Maretzek Italian Opera: Rehearsal of L’Africaine

Event Information

Academy of Music

Manager / Director:
Max Maretzek

Carl Bergmann

Event Type:

Record Information


Last Updated:
29 April 2012

Performance Date(s) and Time(s)

28 Nov 1865, Evening

Program Details

Performers and/or Works Performed

aka Afrikanerin
Composer(s): Meyerbeer
Text Author: Scribe


Announcement: New-York Times, 25 November 1865, 5.

“Next week will be mainly taken up by the rehearsals [of] the ‘Africaine’ . . . no opera will be given on Tuesday.”

Announcement: New-York Times, 28 November 1865, 4.

“Rehearsal of the ‘Africaine’ will prevent the performance of an opera.”

Announcement: New-York Daily Tribune, 28 November 1865.

“This evening there will be no performance, but instead there will be a full rehearsal of L’Africaine. Some idea of the excitement in the public mind respecting this opera may be formed from the fact that before 11 o’clock this morning every disposable seat in the Academy was sold. The rush commenced at a little after 8 a.m. and continued without intermission until at the hour first mentioned there was nothing more to sell. We knew that the ‘rush’ and we are satisfied that the excitement will continue until the close of the season.”

Announcement: New-Yorker Staats-Zeitung und Herold, 28 November 1865.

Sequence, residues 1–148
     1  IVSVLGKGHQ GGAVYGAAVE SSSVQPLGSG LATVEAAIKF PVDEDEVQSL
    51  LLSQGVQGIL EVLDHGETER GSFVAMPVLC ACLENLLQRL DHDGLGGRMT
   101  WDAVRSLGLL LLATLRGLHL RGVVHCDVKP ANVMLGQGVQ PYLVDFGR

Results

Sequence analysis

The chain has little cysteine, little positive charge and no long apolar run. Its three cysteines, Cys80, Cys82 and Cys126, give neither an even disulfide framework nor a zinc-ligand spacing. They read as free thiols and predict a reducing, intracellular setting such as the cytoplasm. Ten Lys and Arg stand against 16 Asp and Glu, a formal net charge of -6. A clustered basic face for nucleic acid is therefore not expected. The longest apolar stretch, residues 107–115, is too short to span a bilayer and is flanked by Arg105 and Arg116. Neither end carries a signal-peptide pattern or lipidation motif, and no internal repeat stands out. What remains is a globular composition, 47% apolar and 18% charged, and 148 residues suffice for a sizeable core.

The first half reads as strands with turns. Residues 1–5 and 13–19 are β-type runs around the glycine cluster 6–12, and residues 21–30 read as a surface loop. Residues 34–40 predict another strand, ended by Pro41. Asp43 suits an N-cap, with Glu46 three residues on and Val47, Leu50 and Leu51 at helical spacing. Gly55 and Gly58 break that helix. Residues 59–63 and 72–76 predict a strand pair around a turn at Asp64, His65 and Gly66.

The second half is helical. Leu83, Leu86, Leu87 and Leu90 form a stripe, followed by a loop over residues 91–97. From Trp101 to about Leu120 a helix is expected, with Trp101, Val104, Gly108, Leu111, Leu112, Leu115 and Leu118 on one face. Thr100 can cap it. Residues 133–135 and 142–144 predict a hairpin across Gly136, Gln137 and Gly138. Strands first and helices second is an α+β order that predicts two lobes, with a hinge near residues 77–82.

Review: New-York Times, 29 November 1865.

“The rehearsals of the ‘African’ have progressed in the most satisfactory manner. The entire opera and much of the scenery was given last evening with a satisfactory degree of precision and effect.  Few works have engaged more study. There can be no doubt that the ‘African’ will be the triumph of Mr. Maretzek's season. The sweep of the drama suits his company. The music lies easily within the range of the voices, and it is so distributed that no single artist has too much to do. Every one seems to have studied the work with enthusiasm.  The ensembles are perfect; the mise en scene unusually fine; the costumes varied and picturesque... the orchestra [has] been largely augmented; the chorus has also been increased. Mr. Bergmann presides in the orchestra, which has been largely augmented; the chorus has also been increased.

            The production . . . has cost the management many thousands of dollars.  It enjoys in this respect a preeminence over every other opera. Notwithstanding this creditable forbearance, the public interest is so great that all the seats for Friday and nearly all the seats for Saturday have been sold.  It is abundantly evident that the season will end with a gallop.”